Atractaspis bibronii

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Atractaspis bibronii
Scientific classification e
Kingdom: Animalia
Phylum: Chordata
Class: Reptilia
Order: Squamata
Suborder: Serpentes
Family: Atractaspididae
Genus: Atractaspis
Species: A. bibronii
Binomial name
Atractaspis bibronii
A. Smith, 1849
  • Atractaspis bibronii
    A. Smith, 1849
  • Atractaspis inornatus
    A. Smith, 1849
  • Atractaspis Bibronii
    A.M.C. Duméril & Bibron, 1854
  • Atractaspis rostrata
    Günther, 1868
  • Atractaspis irregularis var. Bibronii Boettger, 1887
  • Atractaspis Coarti
    Boulenger, 1901
  • Atractaspis Katangae Boulenger, 1910
  • Atractaspis bibronii katangae
    Laurent, 1945
  • Atractaspis bibronii rostrata
    Laurent, 1950
  • Atractaspis bibronii
    Fitzsimons & Brain 1958
  • Atractaspis bibronii
    – Auerbach, 1987
  • Atractaspis bibroni
    – Welch, 1994[1]
Common names: Bibron's burrowing asp.[2]

Atractaspis bibronii is a venomous snake species found in Africa. No subspecies are currently recognized.[3]


The specific epithet, bibronii, is in honor of French herpetologist Gabriel Bibron.[4]


Adults average 30–50 cm (12–20 in) in total length with a maximum of 70 cm (27 12 in). The color pattern consists of a purplish-brown, gray or black ground color, often with a purplish sheen. The belly can be brownish, white or pale yellow in color, with a series of dark blotches. In specimens with a lighter belly coloration, this may also include two or three scale rows on the flanks.[2]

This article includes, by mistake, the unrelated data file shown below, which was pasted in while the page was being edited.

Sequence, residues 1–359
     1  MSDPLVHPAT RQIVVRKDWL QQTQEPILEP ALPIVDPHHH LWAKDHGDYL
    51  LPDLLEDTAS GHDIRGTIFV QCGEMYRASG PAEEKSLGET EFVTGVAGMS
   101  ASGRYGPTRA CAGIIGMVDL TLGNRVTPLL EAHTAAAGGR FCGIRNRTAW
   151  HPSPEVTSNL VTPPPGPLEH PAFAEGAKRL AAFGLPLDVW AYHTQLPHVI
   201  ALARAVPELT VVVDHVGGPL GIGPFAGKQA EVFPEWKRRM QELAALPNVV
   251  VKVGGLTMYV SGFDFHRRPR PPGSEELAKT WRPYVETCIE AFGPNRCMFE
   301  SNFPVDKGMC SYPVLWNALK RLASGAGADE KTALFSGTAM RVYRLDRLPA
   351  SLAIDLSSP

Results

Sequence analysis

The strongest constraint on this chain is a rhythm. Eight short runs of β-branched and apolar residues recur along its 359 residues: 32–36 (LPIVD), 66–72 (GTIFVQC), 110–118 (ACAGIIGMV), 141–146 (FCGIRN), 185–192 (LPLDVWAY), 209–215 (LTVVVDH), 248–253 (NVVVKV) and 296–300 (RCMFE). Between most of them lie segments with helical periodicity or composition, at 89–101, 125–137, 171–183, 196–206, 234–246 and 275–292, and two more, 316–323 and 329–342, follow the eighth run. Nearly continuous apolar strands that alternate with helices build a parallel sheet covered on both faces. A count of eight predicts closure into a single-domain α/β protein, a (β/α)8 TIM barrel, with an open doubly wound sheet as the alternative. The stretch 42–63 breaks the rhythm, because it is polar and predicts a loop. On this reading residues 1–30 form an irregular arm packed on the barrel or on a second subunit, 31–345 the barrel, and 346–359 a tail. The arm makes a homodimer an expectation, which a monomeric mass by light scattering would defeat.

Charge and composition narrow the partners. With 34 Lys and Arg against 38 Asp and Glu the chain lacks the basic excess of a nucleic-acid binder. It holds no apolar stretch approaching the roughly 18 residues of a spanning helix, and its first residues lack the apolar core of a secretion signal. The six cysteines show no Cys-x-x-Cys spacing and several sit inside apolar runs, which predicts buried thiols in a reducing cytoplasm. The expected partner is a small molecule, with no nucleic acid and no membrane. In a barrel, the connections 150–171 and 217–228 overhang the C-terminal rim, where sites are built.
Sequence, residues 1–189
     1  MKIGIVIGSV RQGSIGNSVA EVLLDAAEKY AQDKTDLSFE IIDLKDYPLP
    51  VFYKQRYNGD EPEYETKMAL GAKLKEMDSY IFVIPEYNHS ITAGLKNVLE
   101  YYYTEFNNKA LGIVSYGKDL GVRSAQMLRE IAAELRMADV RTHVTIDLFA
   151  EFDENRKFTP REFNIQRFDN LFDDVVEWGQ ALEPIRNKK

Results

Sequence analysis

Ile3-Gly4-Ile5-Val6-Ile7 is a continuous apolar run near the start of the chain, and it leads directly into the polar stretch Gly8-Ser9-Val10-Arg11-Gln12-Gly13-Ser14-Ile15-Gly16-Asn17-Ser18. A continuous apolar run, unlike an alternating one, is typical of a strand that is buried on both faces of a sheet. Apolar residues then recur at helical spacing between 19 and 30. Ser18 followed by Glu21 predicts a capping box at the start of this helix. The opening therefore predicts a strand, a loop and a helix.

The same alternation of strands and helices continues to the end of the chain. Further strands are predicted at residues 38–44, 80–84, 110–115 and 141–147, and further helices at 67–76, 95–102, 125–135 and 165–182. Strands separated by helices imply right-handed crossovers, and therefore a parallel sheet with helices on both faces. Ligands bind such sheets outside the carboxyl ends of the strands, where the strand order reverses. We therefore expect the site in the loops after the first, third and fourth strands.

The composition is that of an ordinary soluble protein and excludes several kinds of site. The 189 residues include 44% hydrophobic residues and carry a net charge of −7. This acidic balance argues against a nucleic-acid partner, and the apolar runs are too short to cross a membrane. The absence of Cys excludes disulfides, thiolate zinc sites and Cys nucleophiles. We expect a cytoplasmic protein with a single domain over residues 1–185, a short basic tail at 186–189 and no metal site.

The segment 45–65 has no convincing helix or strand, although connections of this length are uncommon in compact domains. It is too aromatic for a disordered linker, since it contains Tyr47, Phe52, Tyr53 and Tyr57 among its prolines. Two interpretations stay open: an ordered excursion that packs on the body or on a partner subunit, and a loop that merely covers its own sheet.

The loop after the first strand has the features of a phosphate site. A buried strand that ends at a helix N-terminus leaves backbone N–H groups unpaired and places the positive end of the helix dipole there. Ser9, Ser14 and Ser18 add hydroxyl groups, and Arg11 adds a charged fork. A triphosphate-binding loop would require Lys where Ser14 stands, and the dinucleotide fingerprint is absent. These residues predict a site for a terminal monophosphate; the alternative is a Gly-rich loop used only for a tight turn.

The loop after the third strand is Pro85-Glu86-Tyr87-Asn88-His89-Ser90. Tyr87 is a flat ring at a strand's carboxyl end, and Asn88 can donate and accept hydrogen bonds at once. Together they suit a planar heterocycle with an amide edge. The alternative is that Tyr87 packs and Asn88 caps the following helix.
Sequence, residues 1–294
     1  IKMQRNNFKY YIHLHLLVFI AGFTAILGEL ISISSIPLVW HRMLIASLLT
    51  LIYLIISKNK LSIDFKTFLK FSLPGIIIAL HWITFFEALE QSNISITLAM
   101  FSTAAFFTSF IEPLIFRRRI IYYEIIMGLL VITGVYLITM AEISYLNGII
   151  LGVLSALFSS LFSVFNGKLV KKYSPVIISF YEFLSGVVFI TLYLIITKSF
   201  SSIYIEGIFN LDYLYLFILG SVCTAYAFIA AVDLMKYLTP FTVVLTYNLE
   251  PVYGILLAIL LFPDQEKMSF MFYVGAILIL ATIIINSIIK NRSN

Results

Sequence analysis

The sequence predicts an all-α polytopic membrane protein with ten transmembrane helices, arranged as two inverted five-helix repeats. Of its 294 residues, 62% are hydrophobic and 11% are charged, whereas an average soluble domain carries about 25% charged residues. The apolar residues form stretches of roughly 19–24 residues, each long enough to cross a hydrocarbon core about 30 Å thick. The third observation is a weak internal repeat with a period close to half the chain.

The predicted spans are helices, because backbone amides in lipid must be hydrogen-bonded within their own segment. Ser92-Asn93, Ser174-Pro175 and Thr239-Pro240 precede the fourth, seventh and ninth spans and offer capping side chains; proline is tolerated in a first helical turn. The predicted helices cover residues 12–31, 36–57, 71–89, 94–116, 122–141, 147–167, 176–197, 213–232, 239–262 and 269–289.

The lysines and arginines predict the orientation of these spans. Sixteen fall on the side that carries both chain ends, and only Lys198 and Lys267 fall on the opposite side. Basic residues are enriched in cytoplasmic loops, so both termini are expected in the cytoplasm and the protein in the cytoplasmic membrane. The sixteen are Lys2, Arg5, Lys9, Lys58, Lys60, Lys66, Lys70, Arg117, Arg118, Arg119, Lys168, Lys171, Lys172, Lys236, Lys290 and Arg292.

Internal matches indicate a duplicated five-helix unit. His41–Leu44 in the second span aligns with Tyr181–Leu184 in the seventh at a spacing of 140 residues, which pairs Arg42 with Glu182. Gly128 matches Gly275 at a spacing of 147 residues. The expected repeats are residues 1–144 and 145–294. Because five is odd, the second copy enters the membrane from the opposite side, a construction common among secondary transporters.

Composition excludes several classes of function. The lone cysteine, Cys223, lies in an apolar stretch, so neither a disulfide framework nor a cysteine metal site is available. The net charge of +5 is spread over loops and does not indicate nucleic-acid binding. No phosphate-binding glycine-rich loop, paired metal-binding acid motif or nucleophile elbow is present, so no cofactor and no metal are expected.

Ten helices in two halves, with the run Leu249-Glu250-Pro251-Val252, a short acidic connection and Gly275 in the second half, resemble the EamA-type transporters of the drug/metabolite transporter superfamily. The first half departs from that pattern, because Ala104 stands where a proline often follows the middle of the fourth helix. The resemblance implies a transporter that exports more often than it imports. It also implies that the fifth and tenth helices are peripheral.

Snout prominent, subcuneiform. Portion of rostral visible from above as long as or a little shorter than its distance from the frontal. Dorsal scales in 21 or 23 rows. Ventrals 221-260; anal entire; subcaudals 20-23, all or greater part single (not divided).[5]

Geographic range[edit]

Found in southern Africa, from central Namibia, east to northern South Africa, north to southeastern DR Congo and Uganda, eastern Tanzania, coastal Kenya, and extreme southern coastal Somalia.[2]


Semi-desert, savannah and woodland.[2]


Atracraspis bibronii will eat frogs and small mammals, but its main diet is burrowing reptiles encountered in old termite mounds.[6]


The venom is highly toxic, although it is produced in very small amounts. Bites are common in some areas. Often, snake handlers are bitten who are unaware that this species is able to bite while being held by the neck. Bite symptoms usually include mild to intense pain, local swelling with occasional blistering and necrosis and regional lymphadenopathy. No fatalities have been recorded.[2]

See also[edit]


  1. ^ Atractaspis bibronii at the Reptile Database. Accessed 2 July 2008.
  2. ^ a b c d e Spawls S, Branch B. 1995. The Dangerous Snakes of Africa. Ralph Curtis Books. Dubai: Oriental Press. 192 pp. ISBN 0-88359-029-8.
  3. ^ "Atractaspis bibronii". Integrated Taxonomic Information System. Retrieved 5 September 2007. 
  4. ^ Beolens B, Watkins M, Grayson M. 2011. The Eponym Dictionary of Reptiles. Baltimore: Johns Hopkins University Press. xiii + 296 pp. ISBN 978-1-4214-0135-5. (Atractaspis bibroni [sic], p. 25).
  5. ^ Boulenger GA. 1896. Catalogue of the Snakes in the British Museum (Natural History), Volume III., Containing the ... Viperidæ. London: Trustees of the British Museum (Natural History). (Taylor and Francis, printers). xiv + 727 pp. + Plates I-XXV. (Atractaspis bibronii, p. 515).
  6. ^ Branch, Bill. 2004. Field Guide to Snakes and Other Reptiles of Southern Africa. Third Revised edition, Second impression. Sanibel Island, Florida: Ralph Curtis Books. 399 pp. ISBN 0-88359-042-5 (Atractaspis bibronii, p. 62 & Plate 38).